Excerpts from the Globe’s “Voices of New England’’ blog at www.bostonglobe.com/podium
Make sense of a senseless act? It may be impossible. Yet we try to do just that, because the nagging feeling that something senseless has reshaped our lives proves intolerable. We fiercely resist disempowerment. If we are disempowered, our lives lack meaning.
We can, however, turn to the arts. First, a caveat: Literature illustrates, through narrative, how life works under various social, economic, or political circumstances or how it seems to work in the minds of characters with high principles or base motives. Literature does not tell us what to do. As readers, we still have to decide for ourselves what ideas to embrace and actions to take.
David Emblidge is associate professor is the department of writing, literature, and publishing at Emerson College.
The cowardly bombings in our city a year ago were overshadowed by the selfless acts of bystanders and our professional first responders, who expedited victims’ access to emergency care. To capitalize on that heroism, hospital trauma teams had to be prepared to receive the victims, rapidly and expertly triage them, and provide the best immediate and subsequent care. Our systems worked especially well on that tragic day, and people survived injuries that would have been fatal in less-prepared settings.
Our trauma systems function this way every hour, every day, year-round. In fact the night after the marathon bombings four gunshot victims came to Boston Medical Center. And while we don’t think anyone takes these trauma services for granted, after April 15, 2013, there was certainly increased recognition and appreciation for the sophistication, experience, and expertise of the Boston trauma centers.
Gerard Doherty is surgeon-in-chief at Boston Medical Center. Peter Burke is chief of trauma services at BMC.
Last year, I was standing 30 feet from the second explosion. In the days and months after the bombing, I was often asked to describe what I saw that day. A year later and the answer is still the same; I saw what I always see: the city. My route home from the blasts — on foot and by Hubway — made me see Boston, a city I “look” at every day as an urban designer — in a completely different way.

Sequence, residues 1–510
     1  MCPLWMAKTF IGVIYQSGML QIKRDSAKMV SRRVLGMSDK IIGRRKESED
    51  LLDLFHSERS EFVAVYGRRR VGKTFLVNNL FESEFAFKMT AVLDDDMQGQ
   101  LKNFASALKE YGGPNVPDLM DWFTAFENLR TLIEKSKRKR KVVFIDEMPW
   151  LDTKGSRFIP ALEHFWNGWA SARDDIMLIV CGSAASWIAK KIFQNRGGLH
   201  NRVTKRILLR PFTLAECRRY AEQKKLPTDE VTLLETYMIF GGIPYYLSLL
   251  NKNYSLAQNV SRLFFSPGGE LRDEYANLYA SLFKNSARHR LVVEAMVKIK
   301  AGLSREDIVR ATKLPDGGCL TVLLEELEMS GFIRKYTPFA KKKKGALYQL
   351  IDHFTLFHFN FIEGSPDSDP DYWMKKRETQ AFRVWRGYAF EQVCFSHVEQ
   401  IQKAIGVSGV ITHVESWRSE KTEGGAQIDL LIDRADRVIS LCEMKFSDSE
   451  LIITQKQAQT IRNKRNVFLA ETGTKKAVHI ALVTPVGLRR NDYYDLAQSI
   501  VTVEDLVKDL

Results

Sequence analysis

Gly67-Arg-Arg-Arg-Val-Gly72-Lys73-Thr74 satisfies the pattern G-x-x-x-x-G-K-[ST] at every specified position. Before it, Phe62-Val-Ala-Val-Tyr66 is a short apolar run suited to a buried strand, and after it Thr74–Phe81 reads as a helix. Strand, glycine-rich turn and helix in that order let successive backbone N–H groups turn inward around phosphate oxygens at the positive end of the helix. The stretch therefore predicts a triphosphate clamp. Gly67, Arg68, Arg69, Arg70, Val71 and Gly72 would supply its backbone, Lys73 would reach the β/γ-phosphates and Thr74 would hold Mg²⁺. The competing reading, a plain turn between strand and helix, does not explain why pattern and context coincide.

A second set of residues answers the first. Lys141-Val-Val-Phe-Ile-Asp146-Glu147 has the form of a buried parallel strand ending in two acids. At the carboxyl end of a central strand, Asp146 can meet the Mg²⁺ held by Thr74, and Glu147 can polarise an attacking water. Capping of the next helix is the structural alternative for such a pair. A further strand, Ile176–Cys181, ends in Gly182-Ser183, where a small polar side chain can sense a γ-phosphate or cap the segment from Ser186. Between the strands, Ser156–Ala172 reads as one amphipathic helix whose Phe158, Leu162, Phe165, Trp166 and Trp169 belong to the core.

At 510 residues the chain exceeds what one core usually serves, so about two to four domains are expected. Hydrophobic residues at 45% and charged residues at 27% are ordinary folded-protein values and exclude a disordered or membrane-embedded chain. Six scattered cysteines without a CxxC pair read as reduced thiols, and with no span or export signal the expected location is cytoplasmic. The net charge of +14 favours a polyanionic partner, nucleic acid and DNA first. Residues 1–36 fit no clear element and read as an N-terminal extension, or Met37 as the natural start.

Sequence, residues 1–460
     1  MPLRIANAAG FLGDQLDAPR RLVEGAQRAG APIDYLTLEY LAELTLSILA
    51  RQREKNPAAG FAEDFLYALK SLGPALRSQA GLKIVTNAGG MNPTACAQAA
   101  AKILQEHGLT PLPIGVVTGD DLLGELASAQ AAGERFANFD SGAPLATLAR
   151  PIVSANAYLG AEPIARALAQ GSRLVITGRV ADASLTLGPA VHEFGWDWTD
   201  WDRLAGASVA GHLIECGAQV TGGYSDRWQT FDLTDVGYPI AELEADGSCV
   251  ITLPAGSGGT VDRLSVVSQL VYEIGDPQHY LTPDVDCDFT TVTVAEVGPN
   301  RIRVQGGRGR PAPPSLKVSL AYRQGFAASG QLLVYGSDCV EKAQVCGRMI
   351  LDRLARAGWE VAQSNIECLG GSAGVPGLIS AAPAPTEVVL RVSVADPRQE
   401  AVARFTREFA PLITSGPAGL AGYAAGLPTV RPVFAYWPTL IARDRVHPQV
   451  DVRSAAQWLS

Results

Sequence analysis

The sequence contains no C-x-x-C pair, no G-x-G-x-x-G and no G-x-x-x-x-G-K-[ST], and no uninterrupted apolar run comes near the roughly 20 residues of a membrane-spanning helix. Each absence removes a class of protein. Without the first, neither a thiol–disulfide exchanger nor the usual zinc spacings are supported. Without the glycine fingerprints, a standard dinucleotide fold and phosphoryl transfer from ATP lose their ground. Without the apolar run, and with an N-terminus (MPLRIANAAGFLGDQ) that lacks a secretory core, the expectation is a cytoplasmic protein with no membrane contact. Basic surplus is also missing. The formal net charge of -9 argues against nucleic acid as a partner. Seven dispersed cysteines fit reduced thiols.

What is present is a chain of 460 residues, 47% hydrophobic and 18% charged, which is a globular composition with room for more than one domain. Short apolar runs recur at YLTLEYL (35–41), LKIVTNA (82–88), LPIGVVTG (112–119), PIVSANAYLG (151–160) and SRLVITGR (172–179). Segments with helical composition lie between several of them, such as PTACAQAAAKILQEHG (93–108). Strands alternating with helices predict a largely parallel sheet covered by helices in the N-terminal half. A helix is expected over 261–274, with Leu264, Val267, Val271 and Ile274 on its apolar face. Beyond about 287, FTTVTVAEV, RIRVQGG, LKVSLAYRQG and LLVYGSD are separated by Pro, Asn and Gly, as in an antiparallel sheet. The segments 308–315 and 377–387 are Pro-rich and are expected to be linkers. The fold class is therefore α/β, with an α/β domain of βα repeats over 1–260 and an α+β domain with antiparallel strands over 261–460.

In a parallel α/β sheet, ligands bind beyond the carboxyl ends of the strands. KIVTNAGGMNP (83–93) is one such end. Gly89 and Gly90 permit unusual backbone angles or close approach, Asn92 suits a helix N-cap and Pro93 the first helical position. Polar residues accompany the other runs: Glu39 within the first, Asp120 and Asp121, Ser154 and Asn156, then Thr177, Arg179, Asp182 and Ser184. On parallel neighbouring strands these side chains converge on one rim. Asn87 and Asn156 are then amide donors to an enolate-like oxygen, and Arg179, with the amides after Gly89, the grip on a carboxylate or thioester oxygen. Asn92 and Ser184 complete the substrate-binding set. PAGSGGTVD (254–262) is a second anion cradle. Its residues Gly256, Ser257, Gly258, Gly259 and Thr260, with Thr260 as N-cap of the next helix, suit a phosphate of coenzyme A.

When the bombs went off at 2:50 pm, I was standing just inside the storefront of Crate & Barrel, about 30 feet from the second explosion. Within moments, the store had become a critical pass-through, sucking people through the block like a permeable membrane.
I was transfixed by the transfer of people from Boylston through the back service doors of the retail shops and restaurants. In the moment, it was not lost of me that these alleys were now functioning as a kind of relief valve.
Corey Zehngebot is senior urban designer and architect at the Boston Redevelopment Authority.
This year’s Boston Marathon theme is #weruntogether, and it could not better embody the spirit of the Boston running community.
Most of my long runs have been along the Marathon course itself, and on each run I have been inspired by the generous outpouring of support from volunteers braving the elements and offering a kind “need anything?” as you approach.
I look forward to Monday and to representing my community in a show of solidarity that evil and hate will never win.
Jalon Fowler lives in Revere and is running her fourth Boston Marathon.
How is my experience dealing with terrorism in Israel relevant to the people of Boston? The truth was that I did not know. So, I began to pay more attention to what people in Boston were saying about the Marathon bombing.
I found many signs of pain and apprehension: the shootout rehashed on TV, mobile security cameras installed, PA system enhanced, to mention only a few. But I also discovered expressions of optimism and hope: a bombing survivor’s fiancée expecting a child, runners preparing for the upcoming Marathon, banners hung to celebrate the resilience of the people of Boston, even the painting of a new finish line.
No one can guarantee that tragedy will never strike, but this model of resilience is critical when — heaven forbid — it does.
Yehuda Yaakov is Israel’s consul general to New England.